Hmm. . . nice. Didn't know you could get a 245 wheel onto an 8" rim. I bought an 8.5" rim but the offset is only +45 and it sounds like I can't get even 225 on it lowered without some serious rolling. Might be time to put them on the market.[/b]
Yep, 245 is the widest you can/should go on a 8" diameter wheel. I should get a pics up...these tires are huge on the 6...
I'm curious why you opted for a much lower spring rate for the rear when you have such a high spring rate upfront..? Just testing it out? Although with all honesty, I don't feel the spring rates of D2/Ksports to be actually true - especially their rear rates. They seem a LOT less firm than the listed 9kg/mm...
In any case, you're saying it feels like how Mazda6sMtx is described his situation? I've driven his car, and I'm feeling that initial turn-in is actually quite firm, then mid-turn all of a sudden loosens up, then exit, it fights back and firm again... It's weird.. It's gotta be something with the alignment...[/b]
Sorry, should've mentioned my fronts are Megans with Koni's. Previously I had the fronts with the Megan springs and the rear with the KSport spring plus Koni's all around. I had the setup since the beginning of the season. When going left and right in the slalom the car felt unsteady. It could've been I was too abrupt with the turning but this was happening much more often than last season when I was running the Ksport all around. With the higher spring rates in the rear (whether it is 9 kg/mm or not, I can't verify but it was definitely stiffer than the megan's front), I was able to rotate my car more easily, a lot more easily.
Since I was getting an alignment, I decided to use the matching rear Megan springs and test it out. Now, the car feels more stable in the slalom and more predictable. Though I lost the ability to oversteer just as easily as I had before. But that might be a good thing for me. Even though before I can get the car to oversteer, I'm still far from able to control it once it breaks loose too quickly.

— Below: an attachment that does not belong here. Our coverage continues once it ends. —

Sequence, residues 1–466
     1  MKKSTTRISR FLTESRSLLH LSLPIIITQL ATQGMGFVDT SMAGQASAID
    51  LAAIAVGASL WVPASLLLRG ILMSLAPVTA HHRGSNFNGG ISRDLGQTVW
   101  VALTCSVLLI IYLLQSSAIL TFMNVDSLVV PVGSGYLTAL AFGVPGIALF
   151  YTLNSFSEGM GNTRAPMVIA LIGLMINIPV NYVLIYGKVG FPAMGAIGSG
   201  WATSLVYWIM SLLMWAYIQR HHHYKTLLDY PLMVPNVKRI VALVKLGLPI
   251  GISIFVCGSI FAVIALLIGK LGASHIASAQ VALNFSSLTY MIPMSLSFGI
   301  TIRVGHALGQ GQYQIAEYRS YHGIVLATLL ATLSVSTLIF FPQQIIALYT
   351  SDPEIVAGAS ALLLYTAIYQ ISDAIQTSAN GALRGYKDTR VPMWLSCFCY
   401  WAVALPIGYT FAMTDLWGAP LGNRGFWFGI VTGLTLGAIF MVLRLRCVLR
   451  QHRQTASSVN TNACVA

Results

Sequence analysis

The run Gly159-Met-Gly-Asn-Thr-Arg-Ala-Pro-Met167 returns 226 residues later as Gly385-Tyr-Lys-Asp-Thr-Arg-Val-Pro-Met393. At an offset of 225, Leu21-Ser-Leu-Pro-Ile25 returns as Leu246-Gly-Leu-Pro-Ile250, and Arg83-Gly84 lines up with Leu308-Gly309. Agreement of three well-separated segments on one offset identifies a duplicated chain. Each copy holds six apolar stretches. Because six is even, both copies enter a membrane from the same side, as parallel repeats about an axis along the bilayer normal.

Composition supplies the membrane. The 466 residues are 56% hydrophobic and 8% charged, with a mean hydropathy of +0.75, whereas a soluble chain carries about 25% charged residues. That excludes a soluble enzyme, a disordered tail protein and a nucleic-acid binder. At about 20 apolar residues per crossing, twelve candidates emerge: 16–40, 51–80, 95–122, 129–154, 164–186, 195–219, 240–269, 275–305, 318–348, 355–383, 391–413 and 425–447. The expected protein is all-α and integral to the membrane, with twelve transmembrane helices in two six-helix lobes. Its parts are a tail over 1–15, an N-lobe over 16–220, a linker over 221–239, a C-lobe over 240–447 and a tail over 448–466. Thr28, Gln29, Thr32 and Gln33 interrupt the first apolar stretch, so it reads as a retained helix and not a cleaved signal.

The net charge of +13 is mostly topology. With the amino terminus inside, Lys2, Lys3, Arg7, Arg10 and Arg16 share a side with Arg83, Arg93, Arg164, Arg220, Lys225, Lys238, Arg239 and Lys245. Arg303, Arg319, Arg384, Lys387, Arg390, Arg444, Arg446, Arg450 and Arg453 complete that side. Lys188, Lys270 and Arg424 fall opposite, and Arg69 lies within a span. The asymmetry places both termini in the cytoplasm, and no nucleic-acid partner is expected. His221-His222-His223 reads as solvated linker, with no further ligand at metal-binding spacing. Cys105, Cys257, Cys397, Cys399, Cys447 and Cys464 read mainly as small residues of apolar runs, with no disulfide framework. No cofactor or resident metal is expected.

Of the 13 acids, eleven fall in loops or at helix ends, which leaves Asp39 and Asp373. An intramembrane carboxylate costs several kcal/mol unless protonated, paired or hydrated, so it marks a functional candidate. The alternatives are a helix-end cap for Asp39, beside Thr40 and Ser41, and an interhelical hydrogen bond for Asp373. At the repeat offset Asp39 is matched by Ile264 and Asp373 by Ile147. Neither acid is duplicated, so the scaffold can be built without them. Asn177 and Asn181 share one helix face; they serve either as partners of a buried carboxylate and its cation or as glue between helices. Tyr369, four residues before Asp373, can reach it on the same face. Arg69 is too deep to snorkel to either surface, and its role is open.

Yeah, the initial turn in is fine, but when turning more and more, it starts to just push. Again, it could be I was going too fast and the softer rear spring rate is causing it as well. This is only one autocross so I'll get a better feel next time out.
I've not run a competitive auto-x with my car but in playing around a bit on an Evolution school course during their lunch break I found one way to deal with the inherent tendency of the 6 to understeer was taking later apexes than I was previously used to. Mind you I come from a background of a V8 rear wheel drive F-body car that can oversteer by just thinking about it so my first couple runs ever with a front drive ATX car thru the cones took some serious adjustment in my driving style. A couple runs and some serious plowing thru a 180 sweeper made me consider the much later apex route and it did help considerably.
My car is pretty stock: 2006 6s ATX with only a rear RB bar and Bridgestone Potenza RE-01R 225-45x17's. I didnt even set pressures, they were still at the 35lbs I run normally on the street. I was 2 seconds slower than a fairly well setup STS Subaru STI on Falkens, so I wasn't too disappointed considering the circumstances.
I've got a set of Bilsteins in the garage, waiting for the Racing Beat springs to arrive and I'll change 'em all out at once. Mind you I'm not building any kind of a serious auto-x car, I think I've sort of lost my interest in it for a while, but just improving the handling of the 6 for my own personal satisfaction.
Just one man's opinions and experiences, your mileage and times may vary.[/b]
Yea, I was told the same thing. Because of the understeer nature of the car, brake until the very last moment, turn in, try to get straight as fast as possible, then power out. Our car isn't made to power through the turns.... Thanks for the advice.